COVID-19 Update from Dr. Smith: 3/22/20

Each day during the COVID-19 crisis, Dr. Craig Smith, Chair of the Department of Surgery, sends an update to faculty and staff about pandemic response and priorities. Stay up to date with us.

Dear Colleagues,

Before I write another word I must say that I am deeply flattered, and humbled, by the number of people who’ve taken time to tell me they appreciate my “Updates.”  You motivate me to keep groping for the right balance between frightening facts and sunny-day optimism. In that balance lies solace, but also resolve. I should also state something that I assumed was obvious:  the target audience for my Updates has always been the Department of Surgery family, and remains so. That people outside the family find value in some parts of the message is a welcome bonus, and perhaps a reminder that even Surgeons are human.  We struggle with many of the same issues that perplex the rest of the world.

There is nothing new to report on the sobering slope of the new-case rate.  Testing is still significantly limited by availability of swabs, reagents, machinery, and staffing.  One under-appreciated testing limitation crosses over with the still-critical limitations of PPE, in that someone wearing PPE is usually required to insert nasopharyngeal swabs.  Testing the worried well is very hard to support logistically at this point in time. Supermodels and the NBA have been criticized for this in the media, but they are also human, and it will be a wonderful thing for everyone when testing is widely enough available to sample a wider population.  Regarding PPE, as was emphasized on today’s NYP video update, massive efforts to mobilize new supplies are being pursued at the highest levels. A wide variety of mask offers are pouring in. All should be directed to the email address, which is being aggressively vetted.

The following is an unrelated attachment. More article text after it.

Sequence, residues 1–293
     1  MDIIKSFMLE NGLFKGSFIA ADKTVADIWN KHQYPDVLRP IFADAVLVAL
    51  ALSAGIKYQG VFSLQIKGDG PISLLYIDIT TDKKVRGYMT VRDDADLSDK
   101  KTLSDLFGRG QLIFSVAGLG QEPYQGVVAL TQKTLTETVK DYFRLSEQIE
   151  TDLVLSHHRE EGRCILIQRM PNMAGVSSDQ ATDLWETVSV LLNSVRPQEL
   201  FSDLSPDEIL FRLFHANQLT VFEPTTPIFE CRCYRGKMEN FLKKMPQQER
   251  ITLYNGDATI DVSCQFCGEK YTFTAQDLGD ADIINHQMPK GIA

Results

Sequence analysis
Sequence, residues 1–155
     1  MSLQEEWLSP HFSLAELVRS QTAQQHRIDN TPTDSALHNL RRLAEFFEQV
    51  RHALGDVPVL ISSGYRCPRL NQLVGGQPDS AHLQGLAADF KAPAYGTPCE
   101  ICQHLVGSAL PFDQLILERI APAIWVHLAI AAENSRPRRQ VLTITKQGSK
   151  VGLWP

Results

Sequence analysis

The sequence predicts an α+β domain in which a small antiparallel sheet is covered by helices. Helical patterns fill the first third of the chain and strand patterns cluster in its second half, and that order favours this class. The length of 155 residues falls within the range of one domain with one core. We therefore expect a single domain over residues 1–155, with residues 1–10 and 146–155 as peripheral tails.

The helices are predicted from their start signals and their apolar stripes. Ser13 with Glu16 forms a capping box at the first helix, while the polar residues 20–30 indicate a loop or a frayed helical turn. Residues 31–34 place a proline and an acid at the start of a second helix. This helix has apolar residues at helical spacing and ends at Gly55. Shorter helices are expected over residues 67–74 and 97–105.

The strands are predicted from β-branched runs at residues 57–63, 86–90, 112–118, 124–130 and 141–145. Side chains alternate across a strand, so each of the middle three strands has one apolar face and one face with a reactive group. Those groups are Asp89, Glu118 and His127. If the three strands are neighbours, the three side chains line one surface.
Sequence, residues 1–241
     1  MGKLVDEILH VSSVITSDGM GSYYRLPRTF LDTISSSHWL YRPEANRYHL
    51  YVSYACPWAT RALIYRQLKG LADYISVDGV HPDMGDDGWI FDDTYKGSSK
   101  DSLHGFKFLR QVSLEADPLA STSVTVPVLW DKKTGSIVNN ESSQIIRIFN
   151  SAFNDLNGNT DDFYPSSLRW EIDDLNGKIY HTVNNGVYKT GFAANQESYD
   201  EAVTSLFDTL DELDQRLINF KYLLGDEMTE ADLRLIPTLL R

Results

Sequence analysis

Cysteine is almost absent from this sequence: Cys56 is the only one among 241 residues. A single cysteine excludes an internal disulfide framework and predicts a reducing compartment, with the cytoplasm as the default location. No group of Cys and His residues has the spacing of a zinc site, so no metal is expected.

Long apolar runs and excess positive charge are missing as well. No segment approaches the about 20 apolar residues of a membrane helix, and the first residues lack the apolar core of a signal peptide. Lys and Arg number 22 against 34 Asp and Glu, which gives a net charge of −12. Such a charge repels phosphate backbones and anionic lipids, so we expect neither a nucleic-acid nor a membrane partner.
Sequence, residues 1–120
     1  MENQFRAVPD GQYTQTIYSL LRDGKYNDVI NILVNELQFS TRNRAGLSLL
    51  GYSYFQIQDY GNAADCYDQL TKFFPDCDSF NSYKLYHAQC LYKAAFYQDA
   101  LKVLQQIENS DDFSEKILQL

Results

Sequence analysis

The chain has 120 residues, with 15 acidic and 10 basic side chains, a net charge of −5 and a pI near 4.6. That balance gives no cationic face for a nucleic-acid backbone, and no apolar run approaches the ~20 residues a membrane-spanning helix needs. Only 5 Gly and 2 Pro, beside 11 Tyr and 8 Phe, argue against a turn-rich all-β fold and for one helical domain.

The OR schedule has already been pared back for the coming week.  My Division Chiefs have been extraordinarily cooperative with the triage that this requires.  We have a spreadsheet for all of April, sorted into five levels of relative urgency, that will be the basis for daily scheduling.  Equally important, it will be a means for surgeons and their support staff to constantly reassess relative urgency and communicate with patients and referring physicians.  Our patients need honest information and genuine reassurance that we aren’t forgetting about them. These challenges might make us mourn for the predictability and safety of an elective world.  Elective, however, is a relative concept. Particularly in the specialities represented by our Department, truly “elective” is rare, gradations of urgency are the norm, risks are often high, resources are not always instantly available, and “safe” becomes an asymptotic goal.  “A ship in harbor is safe, but that is not what ships are built for.” (John G. Shedd). Surgery is not a harbor activity. Our tempest of the moment is resource limitation. We will sail through this together, in due time.

Craig R. Smith, MD
Chair, Department of Surgery
Surgeon-in-Chief, NYP/CUIMC


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